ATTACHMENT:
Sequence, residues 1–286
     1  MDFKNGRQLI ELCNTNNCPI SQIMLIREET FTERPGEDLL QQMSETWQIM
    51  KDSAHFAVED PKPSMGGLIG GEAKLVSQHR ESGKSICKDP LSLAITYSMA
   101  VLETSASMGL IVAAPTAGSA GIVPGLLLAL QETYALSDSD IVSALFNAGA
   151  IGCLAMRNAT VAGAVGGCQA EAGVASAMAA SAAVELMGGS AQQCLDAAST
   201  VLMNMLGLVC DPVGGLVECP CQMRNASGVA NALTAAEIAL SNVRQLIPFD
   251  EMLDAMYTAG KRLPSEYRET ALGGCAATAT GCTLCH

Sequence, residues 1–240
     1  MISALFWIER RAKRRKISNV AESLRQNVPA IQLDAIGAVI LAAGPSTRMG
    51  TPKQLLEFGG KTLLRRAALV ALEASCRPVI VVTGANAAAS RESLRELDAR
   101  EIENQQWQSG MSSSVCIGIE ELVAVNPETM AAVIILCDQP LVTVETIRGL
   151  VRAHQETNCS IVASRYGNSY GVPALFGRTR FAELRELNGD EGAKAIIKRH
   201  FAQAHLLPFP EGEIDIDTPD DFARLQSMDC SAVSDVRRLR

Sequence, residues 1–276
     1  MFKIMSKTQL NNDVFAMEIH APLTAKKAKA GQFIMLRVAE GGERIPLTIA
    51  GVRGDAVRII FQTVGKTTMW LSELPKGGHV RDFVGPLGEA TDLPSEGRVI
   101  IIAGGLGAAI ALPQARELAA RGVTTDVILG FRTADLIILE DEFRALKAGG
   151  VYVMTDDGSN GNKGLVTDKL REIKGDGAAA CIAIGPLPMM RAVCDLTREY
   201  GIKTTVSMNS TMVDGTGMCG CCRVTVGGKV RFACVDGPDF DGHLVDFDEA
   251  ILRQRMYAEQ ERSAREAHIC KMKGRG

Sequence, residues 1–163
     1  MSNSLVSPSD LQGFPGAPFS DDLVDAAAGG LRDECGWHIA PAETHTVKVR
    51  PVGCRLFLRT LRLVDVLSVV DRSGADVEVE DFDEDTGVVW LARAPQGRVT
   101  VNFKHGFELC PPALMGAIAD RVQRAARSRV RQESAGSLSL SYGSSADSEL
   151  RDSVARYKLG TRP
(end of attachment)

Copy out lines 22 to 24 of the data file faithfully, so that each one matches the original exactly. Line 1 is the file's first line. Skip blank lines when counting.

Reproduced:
     1  MSNSLVSPSD LQGFPGAPFS DDLVDAAAGG LRDECGWHIA PAETHTVKVR
    51  PVGCRLFLRT LRLVDVLSVV DRSGADVEVE DFDEDTGVVW LARAPQGRVT
   101  VNFKHGFELC PPALMGAIAD RVQRAARSRV RQESAGSLSL SYGSSADSEL